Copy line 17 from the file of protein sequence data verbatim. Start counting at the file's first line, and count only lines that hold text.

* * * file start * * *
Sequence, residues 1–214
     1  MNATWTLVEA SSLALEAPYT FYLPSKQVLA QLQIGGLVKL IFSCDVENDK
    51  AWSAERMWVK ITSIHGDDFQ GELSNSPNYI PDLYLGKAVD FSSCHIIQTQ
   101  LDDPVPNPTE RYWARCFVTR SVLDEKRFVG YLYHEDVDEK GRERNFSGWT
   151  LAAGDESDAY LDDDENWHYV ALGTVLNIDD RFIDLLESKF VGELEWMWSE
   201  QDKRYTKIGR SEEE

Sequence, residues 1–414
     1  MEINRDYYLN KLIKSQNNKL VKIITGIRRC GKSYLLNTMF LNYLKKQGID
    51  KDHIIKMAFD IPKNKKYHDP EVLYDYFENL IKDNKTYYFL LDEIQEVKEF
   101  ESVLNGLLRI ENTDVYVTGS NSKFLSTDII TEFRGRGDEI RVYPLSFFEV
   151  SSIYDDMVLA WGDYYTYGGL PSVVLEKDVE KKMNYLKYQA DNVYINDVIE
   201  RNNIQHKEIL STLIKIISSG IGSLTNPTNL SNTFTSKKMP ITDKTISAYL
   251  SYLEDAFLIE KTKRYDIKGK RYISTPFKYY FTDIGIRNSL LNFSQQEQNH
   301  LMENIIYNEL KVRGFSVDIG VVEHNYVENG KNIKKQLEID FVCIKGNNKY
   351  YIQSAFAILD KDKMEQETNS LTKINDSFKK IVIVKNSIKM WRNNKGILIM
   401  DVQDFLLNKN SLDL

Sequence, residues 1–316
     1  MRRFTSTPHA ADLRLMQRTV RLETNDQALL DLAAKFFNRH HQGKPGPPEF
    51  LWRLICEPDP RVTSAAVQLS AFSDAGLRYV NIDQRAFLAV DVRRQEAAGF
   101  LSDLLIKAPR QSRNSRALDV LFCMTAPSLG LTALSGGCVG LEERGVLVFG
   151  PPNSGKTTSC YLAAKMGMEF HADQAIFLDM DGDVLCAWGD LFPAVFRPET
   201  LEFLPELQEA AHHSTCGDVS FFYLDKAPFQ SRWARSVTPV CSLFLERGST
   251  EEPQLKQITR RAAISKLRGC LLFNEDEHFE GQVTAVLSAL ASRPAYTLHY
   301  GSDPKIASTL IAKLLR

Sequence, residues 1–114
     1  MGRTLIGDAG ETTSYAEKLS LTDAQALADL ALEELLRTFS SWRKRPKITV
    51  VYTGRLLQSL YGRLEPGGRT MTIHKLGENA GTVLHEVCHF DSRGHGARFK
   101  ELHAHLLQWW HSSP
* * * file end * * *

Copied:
Sequence, residues 1–316